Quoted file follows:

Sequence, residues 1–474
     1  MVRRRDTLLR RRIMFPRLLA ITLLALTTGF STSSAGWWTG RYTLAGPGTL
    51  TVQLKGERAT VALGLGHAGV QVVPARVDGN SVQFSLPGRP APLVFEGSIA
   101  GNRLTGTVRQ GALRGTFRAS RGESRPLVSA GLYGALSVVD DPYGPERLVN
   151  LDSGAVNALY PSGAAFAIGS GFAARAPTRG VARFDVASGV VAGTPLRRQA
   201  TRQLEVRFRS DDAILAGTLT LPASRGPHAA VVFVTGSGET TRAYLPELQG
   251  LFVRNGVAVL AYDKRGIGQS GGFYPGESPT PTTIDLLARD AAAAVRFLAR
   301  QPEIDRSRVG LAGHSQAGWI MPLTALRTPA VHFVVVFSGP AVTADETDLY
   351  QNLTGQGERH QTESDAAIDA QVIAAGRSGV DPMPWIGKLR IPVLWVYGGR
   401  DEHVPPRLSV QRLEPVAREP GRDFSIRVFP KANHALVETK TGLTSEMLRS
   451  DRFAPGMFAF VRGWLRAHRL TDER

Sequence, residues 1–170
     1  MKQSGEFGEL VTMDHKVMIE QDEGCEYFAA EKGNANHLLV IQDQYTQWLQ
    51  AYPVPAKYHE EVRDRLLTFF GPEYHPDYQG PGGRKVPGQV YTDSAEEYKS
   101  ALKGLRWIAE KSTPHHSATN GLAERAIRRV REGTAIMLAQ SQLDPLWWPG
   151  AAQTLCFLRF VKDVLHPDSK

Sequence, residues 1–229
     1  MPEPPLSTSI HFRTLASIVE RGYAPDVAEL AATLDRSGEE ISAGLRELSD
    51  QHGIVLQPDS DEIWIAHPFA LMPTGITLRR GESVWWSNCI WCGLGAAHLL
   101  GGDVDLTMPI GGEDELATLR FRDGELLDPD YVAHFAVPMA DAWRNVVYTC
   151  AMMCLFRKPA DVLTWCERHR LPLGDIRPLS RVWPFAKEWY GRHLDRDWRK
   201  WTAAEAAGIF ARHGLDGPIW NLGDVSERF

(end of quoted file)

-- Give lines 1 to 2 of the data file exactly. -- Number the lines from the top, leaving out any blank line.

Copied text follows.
Sequence, residues 1–474
     1  MVRRRDTLLR RRIMFPRLLA ITLLALTTGF STSSAGWWTG RYTLAGPGTL